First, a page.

News travels fast in the Sibillini Mountains. "An artist is here, he has chosen our village!" the local people exclaimed. Their welcome was an honour and we knew we could stay. So I shipped our furniture from London. In the move we had kept few, but what seemed at the time, important things, including anything we had made, family objects, books, photographs and the piano. The rest we had given away. But when the van arrived we realised what little we had and that there was nothing soft to sit on.
Although we needed furniture Sam needed to draw and he began with what was around him; a flight of swifts, an arch in the grotto, a swarm of bees. These drawings led to objects, some practical, some not. He and the house were getting to know each other and however much a sofa was needed there was no rushing this process. Looking back, this unhurried approach to furnishing our house was unconscious, but he knew it was the right thing to do.
A sofa did arrive, but not intentionally. One summer's day we had gone to the beach for a swim. It began to rain so we fled for shelter beneath a palm tree. And there they were, a pale green satin sofa and chairs, abandoned on the promenade, their fancy fabric getting all wet. Staring at the plush satin cushions we realised we hadn't sat on a comfy chair for two years. And so they came home with us to the mountains, all dressed up in their seaside finery.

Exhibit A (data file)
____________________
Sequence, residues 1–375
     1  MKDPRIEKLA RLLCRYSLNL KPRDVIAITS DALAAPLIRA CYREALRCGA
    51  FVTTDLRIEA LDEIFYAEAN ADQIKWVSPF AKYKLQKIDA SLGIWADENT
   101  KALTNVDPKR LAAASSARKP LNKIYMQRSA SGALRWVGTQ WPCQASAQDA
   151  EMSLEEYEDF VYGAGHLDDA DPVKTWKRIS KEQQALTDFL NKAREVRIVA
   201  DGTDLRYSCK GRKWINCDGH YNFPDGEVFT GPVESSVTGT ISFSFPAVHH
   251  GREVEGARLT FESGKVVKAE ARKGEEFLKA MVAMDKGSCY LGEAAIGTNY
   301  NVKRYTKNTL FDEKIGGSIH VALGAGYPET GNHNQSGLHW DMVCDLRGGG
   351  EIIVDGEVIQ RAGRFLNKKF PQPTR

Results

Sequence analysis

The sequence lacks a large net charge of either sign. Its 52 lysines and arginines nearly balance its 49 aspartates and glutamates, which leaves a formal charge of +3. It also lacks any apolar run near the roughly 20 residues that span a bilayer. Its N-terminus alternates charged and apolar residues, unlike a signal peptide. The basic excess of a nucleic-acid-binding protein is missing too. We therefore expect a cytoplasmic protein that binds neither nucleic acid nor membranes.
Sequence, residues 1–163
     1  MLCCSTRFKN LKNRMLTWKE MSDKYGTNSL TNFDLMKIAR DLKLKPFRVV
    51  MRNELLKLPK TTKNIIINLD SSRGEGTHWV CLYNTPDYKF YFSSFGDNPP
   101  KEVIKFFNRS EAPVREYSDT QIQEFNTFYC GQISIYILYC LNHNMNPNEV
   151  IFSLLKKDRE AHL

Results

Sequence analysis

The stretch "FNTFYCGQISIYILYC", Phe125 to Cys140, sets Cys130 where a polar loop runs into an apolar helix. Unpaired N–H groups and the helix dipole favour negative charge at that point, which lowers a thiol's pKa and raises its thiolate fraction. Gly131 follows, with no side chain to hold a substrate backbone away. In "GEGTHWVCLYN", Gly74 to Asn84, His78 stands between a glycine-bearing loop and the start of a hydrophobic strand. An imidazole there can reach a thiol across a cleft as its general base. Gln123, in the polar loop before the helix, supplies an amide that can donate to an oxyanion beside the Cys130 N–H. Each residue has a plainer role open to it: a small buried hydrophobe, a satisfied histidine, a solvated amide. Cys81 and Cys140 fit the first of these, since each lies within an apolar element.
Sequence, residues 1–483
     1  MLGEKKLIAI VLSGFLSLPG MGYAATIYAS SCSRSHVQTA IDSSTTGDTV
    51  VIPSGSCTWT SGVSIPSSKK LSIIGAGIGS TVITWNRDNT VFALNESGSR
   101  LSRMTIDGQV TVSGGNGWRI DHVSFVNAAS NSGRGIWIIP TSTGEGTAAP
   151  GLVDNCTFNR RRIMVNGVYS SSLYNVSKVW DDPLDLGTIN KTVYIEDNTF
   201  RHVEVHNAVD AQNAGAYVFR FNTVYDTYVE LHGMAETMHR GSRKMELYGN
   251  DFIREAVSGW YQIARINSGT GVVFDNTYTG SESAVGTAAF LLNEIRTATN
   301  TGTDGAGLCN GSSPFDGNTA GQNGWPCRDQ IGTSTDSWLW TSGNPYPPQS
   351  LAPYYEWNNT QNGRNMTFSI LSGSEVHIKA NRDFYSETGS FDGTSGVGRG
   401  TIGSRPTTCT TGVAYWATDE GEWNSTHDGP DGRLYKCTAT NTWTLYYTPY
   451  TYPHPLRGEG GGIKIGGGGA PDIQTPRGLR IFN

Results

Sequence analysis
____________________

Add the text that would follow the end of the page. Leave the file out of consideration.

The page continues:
Our house has influenced Sam profoundly or perhaps it's the other way round. All I know is that they are now inseparable. In all that he has done so we could live here, he has been careful not to destroy what he cherishes most about the building; its belongingness. It is crucial to him that this feeling remains intact. Every modification, every new object could tip the balance and what is of value be lost forever.
My adventure in Le Marche has not turned out the way I thought it would. I never thought I would have drawings of bees before a bathtub and that would be the right way round, that I would sleep with owls and a prayer above my bed and feel protected. What I have learned is that a house needs time, like the moon. These things cannot be rushed like a storm. The home Sam is making has a deep sense of being from this place. It makes me feel I belong here, and for now perhaps I do.